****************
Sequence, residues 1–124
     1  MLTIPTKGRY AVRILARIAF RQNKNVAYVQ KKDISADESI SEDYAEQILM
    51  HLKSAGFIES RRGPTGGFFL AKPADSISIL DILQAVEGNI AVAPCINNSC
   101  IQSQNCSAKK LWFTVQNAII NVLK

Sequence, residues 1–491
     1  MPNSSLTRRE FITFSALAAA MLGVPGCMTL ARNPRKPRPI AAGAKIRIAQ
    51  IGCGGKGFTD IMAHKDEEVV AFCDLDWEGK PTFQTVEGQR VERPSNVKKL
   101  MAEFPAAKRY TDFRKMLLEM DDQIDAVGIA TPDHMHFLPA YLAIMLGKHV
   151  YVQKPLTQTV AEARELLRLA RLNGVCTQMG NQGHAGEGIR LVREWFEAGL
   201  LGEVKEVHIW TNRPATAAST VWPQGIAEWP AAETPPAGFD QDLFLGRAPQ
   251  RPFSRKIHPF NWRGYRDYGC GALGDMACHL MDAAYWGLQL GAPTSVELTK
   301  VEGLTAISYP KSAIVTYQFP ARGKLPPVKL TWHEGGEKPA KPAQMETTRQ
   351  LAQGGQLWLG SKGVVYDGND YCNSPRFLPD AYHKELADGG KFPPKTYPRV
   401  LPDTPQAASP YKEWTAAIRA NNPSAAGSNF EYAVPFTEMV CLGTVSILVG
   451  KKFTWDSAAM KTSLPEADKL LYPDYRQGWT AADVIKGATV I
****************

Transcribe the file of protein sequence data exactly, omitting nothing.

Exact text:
Sequence, residues 1–124
     1  MLTIPTKGRY AVRILARIAF RQNKNVAYVQ KKDISADESI SEDYAEQILM
    51  HLKSAGFIES RRGPTGGFFL AKPADSISIL DILQAVEGNI AVAPCINNSC
   101  IQSQNCSAKK LWFTVQNAII NVLK

Sequence, residues 1–491
     1  MPNSSLTRRE FITFSALAAA MLGVPGCMTL ARNPRKPRPI AAGAKIRIAQ
    51  IGCGGKGFTD IMAHKDEEVV AFCDLDWEGK PTFQTVEGQR VERPSNVKKL
   101  MAEFPAAKRY TDFRKMLLEM DDQIDAVGIA TPDHMHFLPA YLAIMLGKHV
   151  YVQKPLTQTV AEARELLRLA RLNGVCTQMG NQGHAGEGIR LVREWFEAGL
   201  LGEVKEVHIW TNRPATAAST VWPQGIAEWP AAETPPAGFD QDLFLGRAPQ
   251  RPFSRKIHPF NWRGYRDYGC GALGDMACHL MDAAYWGLQL GAPTSVELTK
   301  VEGLTAISYP KSAIVTYQFP ARGKLPPVKL TWHEGGEKPA KPAQMETTRQ
   351  LAQGGQLWLG SKGVVYDGND YCNSPRFLPD AYHKELADGG KFPPKTYPRV
   401  LPDTPQAASP YKEWTAAIRA NNPSAAGSNF EYAVPFTEMV CLGTVSILVG
   451  KKFTWDSAAM KTSLPEADKL LYPDYRQGWT AADVIKGATV I